<body><script type="text/javascript"> function setAttributeOnload(object, attribute, val) { if(window.addEventListener) { window.addEventListener('load', function(){ object[attribute] = val; }, false); } else { window.attachEvent('onload', function(){ object[attribute] = val; }); } } </script> <div id="navbar-iframe-container"></div> <script type="text/javascript" src="https://apis.google.com/js/plusone.js"></script> <script type="text/javascript"> gapi.load("gapi.iframes:gapi.iframes.style.bubble", function() { if (gapi.iframes && gapi.iframes.getContext) { gapi.iframes.getContext().openChild({ url: 'https://www.blogger.com/navbar.g?targetBlogID\x3d4756162133178009917\x26blogName\x3dFugue+Salad\x26publishMode\x3dPUBLISH_MODE_BLOGSPOT\x26navbarType\x3dBLUE\x26layoutType\x3dCLASSIC\x26searchRoot\x3dhttps://fuguesalad.blogspot.com/search\x26blogLocale\x3den\x26v\x3d2\x26homepageUrl\x3dhttp://fuguesalad.blogspot.com/\x26vt\x3d4399869826443564001', where: document.getElementById("navbar-iframe-container"), id: "navbar-iframe" }); } }); </script>

Saturday, March 1, 2008

Clawing My Way Out of That Rut

We were all getting sick of the winter rut (Mavis actually told me after I last served it that he was pretty much done with pearl couscous with sausage and butternut squash), so I am now entering what I sort of hope will be a significant period of experimentation and adding new things to our regular repertoire. I say "sort of" because as much as I love cooking and putting together wonderful meals for my family, trying new recipes takes more time than throwing together familiar ones, and I get even more behind in my other projects and responsibilities. So we'll see how long I am able to keep it up before the burgeoning chaos (read: piles of random stuff) completely swamps the computer.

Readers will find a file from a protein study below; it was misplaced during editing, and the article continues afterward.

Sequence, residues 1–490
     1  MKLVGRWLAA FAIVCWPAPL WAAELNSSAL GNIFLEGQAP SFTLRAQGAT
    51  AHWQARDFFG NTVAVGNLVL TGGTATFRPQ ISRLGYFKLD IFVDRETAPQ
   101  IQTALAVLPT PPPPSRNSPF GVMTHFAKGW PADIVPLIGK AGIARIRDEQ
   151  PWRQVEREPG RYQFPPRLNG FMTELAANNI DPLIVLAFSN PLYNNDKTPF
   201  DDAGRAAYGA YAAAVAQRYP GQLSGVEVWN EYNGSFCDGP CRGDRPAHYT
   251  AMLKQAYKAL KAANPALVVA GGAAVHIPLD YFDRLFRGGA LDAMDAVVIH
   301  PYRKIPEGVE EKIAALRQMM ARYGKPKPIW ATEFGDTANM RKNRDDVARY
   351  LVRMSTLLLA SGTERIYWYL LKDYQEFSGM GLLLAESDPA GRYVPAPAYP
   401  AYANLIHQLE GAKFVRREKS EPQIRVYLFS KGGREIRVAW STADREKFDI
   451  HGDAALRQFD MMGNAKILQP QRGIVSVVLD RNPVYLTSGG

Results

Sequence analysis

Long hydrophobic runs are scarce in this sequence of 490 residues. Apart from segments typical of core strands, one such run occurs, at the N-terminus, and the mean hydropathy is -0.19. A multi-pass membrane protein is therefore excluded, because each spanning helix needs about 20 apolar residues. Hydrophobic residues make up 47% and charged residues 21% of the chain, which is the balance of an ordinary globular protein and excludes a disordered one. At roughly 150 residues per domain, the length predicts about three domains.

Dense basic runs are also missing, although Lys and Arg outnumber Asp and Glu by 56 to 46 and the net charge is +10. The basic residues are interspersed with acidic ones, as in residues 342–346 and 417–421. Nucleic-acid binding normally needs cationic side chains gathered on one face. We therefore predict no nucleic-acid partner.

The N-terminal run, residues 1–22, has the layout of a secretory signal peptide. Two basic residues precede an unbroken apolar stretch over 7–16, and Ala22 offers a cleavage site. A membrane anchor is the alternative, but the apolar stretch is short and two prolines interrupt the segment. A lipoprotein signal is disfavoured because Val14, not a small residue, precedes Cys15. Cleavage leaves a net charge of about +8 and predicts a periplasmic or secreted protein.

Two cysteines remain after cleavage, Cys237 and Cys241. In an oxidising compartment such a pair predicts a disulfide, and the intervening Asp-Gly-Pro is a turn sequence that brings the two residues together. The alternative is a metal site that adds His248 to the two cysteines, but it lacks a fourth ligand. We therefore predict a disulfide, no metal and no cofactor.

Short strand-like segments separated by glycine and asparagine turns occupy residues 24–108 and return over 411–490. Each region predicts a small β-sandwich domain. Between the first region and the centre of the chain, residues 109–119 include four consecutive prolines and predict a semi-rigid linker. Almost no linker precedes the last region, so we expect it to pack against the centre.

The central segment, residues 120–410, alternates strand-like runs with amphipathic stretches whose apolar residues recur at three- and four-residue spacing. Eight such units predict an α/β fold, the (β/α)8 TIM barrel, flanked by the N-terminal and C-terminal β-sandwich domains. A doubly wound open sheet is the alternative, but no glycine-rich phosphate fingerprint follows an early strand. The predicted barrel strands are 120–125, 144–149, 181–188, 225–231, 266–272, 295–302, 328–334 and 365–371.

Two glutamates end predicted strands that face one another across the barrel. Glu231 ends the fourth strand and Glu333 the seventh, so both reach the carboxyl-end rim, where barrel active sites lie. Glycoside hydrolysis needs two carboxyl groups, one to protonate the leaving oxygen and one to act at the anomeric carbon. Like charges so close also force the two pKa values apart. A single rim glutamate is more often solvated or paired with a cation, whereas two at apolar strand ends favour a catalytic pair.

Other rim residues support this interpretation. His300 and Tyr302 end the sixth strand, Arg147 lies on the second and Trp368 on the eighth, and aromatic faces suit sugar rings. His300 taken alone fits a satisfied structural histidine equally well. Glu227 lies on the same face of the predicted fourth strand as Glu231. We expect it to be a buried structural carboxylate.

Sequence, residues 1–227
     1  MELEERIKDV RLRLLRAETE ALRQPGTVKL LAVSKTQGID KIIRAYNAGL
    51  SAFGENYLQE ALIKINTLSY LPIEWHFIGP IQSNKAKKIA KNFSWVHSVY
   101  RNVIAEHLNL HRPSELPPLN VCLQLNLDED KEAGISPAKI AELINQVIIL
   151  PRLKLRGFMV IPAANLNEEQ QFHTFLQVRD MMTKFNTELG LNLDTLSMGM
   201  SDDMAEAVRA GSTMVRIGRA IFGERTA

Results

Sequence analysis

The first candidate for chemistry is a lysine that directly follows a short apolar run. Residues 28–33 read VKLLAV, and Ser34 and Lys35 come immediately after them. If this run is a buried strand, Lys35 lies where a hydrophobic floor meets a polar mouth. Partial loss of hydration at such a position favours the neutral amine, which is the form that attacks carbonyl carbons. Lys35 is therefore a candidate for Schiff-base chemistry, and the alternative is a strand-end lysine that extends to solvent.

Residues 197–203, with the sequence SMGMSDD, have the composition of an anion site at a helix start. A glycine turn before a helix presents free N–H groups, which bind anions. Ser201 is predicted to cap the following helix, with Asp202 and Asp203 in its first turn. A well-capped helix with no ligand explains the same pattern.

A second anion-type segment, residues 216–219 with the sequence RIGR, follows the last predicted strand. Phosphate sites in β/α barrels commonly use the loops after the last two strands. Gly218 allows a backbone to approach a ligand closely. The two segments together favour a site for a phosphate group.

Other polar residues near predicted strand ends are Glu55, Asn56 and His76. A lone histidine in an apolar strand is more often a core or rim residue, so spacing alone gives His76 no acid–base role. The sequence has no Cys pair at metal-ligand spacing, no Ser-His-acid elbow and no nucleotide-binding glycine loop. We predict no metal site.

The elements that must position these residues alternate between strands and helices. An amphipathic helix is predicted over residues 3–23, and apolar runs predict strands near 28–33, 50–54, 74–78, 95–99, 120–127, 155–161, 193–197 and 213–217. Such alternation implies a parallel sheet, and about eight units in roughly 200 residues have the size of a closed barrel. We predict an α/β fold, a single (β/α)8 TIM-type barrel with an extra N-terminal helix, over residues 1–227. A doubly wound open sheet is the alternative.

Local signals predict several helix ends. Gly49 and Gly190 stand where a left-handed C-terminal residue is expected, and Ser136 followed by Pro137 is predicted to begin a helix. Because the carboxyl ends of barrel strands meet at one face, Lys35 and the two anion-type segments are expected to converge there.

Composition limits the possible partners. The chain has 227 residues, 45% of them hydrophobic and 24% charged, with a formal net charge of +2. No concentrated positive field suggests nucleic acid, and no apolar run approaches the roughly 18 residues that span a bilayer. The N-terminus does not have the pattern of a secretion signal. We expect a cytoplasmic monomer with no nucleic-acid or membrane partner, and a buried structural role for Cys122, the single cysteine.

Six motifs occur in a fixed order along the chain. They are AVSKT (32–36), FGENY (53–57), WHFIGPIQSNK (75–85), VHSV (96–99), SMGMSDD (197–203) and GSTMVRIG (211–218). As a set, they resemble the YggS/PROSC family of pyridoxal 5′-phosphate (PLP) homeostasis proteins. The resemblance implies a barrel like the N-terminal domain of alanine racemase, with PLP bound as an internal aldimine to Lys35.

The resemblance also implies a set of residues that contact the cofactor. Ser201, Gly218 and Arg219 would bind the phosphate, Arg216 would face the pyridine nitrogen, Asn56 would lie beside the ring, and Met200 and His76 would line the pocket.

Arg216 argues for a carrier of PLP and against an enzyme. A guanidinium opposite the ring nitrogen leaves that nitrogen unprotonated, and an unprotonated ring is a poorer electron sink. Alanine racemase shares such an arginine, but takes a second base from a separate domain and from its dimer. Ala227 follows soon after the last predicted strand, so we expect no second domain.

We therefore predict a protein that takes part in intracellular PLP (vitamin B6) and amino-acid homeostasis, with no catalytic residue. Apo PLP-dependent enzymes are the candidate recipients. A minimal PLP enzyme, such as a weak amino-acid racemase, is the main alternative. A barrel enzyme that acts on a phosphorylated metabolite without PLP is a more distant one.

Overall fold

I have read in several places lately (okay, probably over the last year or so) several different versions of no- or low-knead bread. Tonight I tried the first of these collected recipes. As with the chicken, this one seems so easy that I may never get to all the others (although watch this space for the third and last roast chicken trial, coming in about a week). I got this from the Oregonian FOODay, but I can't find the recipe online.
Simple Crusty Bread
makes 4 loaves

1 1/2 T yeast (regular, not instant or rapid-rise)
1 1/2 T kosher salt
6 1/2 C unbleached all-purpose, plus more for dusting dough
3 C water
cornmeal for dusting pizza peel

In a large bowl or plastic container, mix yeast and salt into 3 C lukewarm water (about 100 degrees). Stir in flour, mixing until there are no dry patches. Dough will be quite loose [not really]. Cover, but not with an airtight lid. Let dough rise at room temperature 2 hours (or up to 5 hours [what I did]).

Here is the dough after mixing and before rising (after five hours it was up to the rim of the bowl; actually, it was there after 2, but didn't get any bigger after that):